FTC Warns Over Improper Data Collection : Development & Analytics

By admin

FTC
ORG

Warns Over Improper Data Collection

On

September 18th
DATE

,

2023
DATE


the Federal Trade Commission
ORG

(

FTC
ORG

) sent a letter to

five
CARDINAL

tax preparation companies over possible unfair and deceptive practices. These letters state that data collection for marketing and advertising purposes, when gathered in a confidential context, could be a violation that could subject the company to a fine. An overview of this action can be found in the press release.

We can see from

the Recipients of the Notice
WORK_OF_ART

that this includes:

H&R Block

Intuit

TaxAct

TaxSlayer


The Lampo Group
ORG

,

LLC
ORG

d/b/a Ramsey Solutions

Note: Just because a company got a letter, does not mean they (at this point) have done anything wrong.

However the letter also put those companies on notice.

Receipt of this notice of penalty offenses puts you and your company on notice that engaging in the conduct described therein could subject you and your company to civil penalties of

up to $50,120
MONEY

per violation. We are aware of information suggesting that you have engaged in or are engaging in deceptive or unfair conduct. You should take prompt action, including by reviewing all your practices, to ensure any deceptive or unlawful claims cease and are removed or corrected, as appropriate, and any other required disclosures are made. https://www.ftc.gov/system/files/ftc_gov/pdf/NPO-Misuse-Information-Collected-Confidential-Contexts-Cover-Letter_0.pdf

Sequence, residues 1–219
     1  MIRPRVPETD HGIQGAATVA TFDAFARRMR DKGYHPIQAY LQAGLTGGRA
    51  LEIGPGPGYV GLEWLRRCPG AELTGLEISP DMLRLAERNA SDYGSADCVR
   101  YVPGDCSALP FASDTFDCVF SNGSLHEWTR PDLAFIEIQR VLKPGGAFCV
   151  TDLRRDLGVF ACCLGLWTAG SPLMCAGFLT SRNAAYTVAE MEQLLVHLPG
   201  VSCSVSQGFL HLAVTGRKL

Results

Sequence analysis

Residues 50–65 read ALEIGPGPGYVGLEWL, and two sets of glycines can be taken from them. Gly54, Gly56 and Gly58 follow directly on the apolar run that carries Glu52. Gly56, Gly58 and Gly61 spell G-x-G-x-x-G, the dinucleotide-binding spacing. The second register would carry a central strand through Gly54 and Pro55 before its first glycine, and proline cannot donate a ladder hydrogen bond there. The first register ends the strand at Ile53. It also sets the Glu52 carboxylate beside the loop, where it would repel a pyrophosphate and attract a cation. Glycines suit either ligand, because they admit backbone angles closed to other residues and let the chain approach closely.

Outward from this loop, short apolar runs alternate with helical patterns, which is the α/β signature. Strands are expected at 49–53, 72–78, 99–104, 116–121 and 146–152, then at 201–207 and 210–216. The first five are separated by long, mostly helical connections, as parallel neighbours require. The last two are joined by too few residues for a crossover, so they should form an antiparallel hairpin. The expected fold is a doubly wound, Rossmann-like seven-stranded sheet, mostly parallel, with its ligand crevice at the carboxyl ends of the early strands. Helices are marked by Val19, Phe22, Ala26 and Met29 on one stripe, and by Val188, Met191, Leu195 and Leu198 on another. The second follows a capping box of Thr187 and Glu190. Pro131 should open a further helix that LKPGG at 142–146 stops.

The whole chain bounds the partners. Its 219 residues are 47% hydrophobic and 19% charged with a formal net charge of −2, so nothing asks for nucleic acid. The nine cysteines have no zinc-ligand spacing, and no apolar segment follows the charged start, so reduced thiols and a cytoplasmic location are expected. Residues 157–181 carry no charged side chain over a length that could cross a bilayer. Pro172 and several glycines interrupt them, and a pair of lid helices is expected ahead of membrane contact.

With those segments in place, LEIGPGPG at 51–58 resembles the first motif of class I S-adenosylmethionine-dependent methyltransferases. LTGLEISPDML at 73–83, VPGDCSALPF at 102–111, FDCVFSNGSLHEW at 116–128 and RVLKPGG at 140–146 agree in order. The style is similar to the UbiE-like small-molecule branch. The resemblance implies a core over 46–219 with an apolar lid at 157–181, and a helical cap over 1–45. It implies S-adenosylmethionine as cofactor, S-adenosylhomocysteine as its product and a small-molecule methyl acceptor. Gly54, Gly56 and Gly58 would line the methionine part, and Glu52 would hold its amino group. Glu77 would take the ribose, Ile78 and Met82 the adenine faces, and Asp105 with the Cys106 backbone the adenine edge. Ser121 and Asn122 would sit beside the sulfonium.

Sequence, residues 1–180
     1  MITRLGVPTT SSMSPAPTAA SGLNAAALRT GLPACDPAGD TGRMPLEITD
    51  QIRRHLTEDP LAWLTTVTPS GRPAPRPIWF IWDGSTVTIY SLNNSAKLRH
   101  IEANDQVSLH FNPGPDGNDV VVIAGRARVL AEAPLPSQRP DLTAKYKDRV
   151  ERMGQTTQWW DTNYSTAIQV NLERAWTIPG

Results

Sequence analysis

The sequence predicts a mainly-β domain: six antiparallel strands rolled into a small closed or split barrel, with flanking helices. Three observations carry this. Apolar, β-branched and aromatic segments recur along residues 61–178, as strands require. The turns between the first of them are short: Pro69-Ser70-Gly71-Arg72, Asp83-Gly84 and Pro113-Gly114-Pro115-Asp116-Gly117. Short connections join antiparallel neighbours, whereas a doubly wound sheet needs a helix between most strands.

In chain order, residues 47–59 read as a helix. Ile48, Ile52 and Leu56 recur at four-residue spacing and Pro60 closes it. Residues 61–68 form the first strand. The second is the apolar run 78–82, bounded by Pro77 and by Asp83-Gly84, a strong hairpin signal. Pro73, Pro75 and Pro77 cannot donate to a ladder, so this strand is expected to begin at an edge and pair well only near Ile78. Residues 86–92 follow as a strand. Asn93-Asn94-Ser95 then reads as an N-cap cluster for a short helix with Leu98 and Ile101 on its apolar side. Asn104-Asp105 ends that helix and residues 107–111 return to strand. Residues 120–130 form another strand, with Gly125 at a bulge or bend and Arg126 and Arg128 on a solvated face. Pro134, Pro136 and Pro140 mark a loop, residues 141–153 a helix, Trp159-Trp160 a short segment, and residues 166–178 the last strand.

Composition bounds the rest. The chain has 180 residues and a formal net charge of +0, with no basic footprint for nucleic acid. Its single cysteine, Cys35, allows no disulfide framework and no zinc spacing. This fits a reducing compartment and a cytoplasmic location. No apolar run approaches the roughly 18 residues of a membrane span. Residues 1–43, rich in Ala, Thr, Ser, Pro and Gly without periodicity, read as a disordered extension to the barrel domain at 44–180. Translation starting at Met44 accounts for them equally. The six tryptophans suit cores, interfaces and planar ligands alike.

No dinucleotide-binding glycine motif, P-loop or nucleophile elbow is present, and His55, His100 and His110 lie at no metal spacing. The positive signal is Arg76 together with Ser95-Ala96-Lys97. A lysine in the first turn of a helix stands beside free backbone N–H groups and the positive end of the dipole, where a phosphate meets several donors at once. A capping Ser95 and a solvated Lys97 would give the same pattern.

At the same time, the

FTC
ORG

published a blog post about the what it expects. It states that at minimum, companies which get confidential data need to get a consumers affirmative express consent prior to using that data for any purpose other what the consumer explicitly requested. The following paragraph has some examples worth noting:

[T]he Commission considers it an unfair or deceptive act or practice to use tracking technologies such as pixels, cookies, APIs, or SDKs to amass, analyze, infer, and transfer information collected in a Confidential Context for the purposes described in the prior paragraph without

first
ORDINAL

obtaining affirmative express consent. It is also an unfair or deceptive practice to misrepresent or omit material facts regarding the use or confidentiality of information collected in a

Confidential Context
ORG

through tracking technologies such as pixels, cookies, or SDKs. https://www.ftc.gov/business-guidance/blog/2023/09/companies-warned-about-consequences-loose-use-consumers-confidential-data

The blog is also quick to call out that:

Spoiler alert: burying something in your Privacy Policy or Terms of Service doesn’t meet the “clear and conspicuous” standard. https://www.ftc.gov/business-guidance/blog/2023/09/companies-warned-about-consequences-loose-use-consumers-confidential-data

So it could be reasoned that the

FTC
ORG

is likely expecting some sort of overt banner, widget, dialog, or popup to be shown to the user prior to the collection taking place. It may also be a good idea to have a consent system of record – so it can be shown that a specific user actually did consent to the data usage.

Next Steps

Any company dealing with confidential contexts will want to take note of this warning. They’ll need to evaluate their data collection, determine if consent is needed and either build in systems to request such consent, or remove the offending technology. By the look of the letter, the

FTC
ORG

expects quick action, and there will be no further warnings.